While I was rigging up my kayak I realized that I had a single small spinnerbait rig (Beetle Spin) on the small rod.  I had left my small spinnerbait box in the garage.  This was not good, because that's the only rod I caught anything on last time.  I elected to launch and fish it until I lost it.  My backup plan was to fish the 8 wt. fly rod using a small green/white Clouser minnow that I'd had some success with recently on White and Yellow Perch.

At about 8:45, I launched straight into a 15-20 MPH northeast wind and paddled away from the shore and around the end of the dock.  After I cleared the dock I turned sideways to the swell and paddled like hell to get into the lee of the point on the opposite side of the mouth of the creek.  While taking a couple of waves over the side of the kayak, I realized that I had left my stakeout pole in the truck.  While it would be an inconvenience, it wasn't a show-stopper because I had an anchor and a drift chute.

Upon reaching the opposite side of the creek and tucking in away from the wind, I was surprised that my first catch was a respectable Croaker.  Quite a surprise to find this fish that I associate with the ocean in this little creek.  I boated the Croaker, but unfortunately he took the tail off of the curlytail grub.  Not a problem, I soon found, as the White Perch were more than happy to attack what was left.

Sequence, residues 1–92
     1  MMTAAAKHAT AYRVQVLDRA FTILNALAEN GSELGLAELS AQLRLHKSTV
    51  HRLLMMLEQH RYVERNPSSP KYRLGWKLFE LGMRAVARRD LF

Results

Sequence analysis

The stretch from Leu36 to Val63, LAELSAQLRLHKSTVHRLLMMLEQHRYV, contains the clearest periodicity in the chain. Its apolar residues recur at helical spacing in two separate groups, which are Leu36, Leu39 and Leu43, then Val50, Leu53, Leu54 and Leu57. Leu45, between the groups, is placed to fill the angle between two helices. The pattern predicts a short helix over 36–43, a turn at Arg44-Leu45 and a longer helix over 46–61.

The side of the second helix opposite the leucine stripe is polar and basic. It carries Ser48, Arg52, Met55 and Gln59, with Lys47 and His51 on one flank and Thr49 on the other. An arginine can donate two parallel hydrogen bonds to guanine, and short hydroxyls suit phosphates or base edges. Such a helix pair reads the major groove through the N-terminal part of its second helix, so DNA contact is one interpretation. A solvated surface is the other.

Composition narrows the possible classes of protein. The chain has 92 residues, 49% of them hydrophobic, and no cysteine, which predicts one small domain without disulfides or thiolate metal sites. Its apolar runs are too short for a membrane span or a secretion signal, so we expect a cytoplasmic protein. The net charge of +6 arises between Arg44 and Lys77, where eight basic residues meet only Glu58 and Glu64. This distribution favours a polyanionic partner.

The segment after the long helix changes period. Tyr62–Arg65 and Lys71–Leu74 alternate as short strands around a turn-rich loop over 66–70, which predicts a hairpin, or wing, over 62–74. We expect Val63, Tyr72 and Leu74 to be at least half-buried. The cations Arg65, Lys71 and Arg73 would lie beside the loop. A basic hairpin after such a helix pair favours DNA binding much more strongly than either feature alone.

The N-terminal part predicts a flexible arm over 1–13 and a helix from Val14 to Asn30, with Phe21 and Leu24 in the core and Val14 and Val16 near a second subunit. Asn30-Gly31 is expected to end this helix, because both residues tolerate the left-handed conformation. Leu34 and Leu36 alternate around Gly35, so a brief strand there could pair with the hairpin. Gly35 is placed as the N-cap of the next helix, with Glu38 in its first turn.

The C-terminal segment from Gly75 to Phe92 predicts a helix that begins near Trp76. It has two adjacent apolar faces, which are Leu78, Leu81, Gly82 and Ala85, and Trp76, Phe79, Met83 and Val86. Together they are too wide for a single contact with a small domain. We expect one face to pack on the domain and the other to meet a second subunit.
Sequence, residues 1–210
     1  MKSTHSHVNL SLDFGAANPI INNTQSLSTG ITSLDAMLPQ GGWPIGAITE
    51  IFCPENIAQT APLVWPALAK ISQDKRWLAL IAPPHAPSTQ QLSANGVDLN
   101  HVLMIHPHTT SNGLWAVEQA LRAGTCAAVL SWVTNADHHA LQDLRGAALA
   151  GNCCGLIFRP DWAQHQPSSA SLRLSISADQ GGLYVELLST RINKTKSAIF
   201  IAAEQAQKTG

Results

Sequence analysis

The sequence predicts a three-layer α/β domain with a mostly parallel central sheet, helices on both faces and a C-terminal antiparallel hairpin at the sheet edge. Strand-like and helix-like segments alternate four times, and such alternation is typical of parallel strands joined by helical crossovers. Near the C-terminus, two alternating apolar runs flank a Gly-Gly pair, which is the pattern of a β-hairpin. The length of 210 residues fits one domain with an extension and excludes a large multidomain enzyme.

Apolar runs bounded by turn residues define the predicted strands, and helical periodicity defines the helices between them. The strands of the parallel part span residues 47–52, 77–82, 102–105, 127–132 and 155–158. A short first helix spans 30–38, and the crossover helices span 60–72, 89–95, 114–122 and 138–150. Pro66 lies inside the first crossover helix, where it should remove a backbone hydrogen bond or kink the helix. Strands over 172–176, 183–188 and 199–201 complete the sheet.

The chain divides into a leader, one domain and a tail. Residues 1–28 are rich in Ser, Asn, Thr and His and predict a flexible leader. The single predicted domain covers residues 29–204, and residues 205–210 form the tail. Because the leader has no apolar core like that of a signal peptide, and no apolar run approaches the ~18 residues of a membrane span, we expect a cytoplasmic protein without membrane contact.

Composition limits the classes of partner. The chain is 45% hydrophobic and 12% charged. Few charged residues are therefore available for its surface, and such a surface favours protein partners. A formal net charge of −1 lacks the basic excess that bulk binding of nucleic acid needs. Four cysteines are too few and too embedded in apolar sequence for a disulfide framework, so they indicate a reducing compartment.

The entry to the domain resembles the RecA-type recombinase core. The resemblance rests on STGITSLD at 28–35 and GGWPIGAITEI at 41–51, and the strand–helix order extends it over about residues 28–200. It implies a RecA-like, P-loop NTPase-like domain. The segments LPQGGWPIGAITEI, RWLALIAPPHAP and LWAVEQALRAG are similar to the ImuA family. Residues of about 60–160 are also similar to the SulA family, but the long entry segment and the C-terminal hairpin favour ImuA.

I swapped the grub for a self-tied bucktail on the spinner frame and picked up this small Striped Bass.  Like the two caught in this creek last month, it measured about 10".

Further along the shoreline I kept catching more White Perch.  It's pretty easy to locate them as the bust the top of the water while feeding on minnows.  A little farther up the creek and I hooked a species that I've been chasing locally without much success.  Too bad this little guy was only 8" long, but at least it was a Red Drum.  The fish had an interesting pattern of spots, too.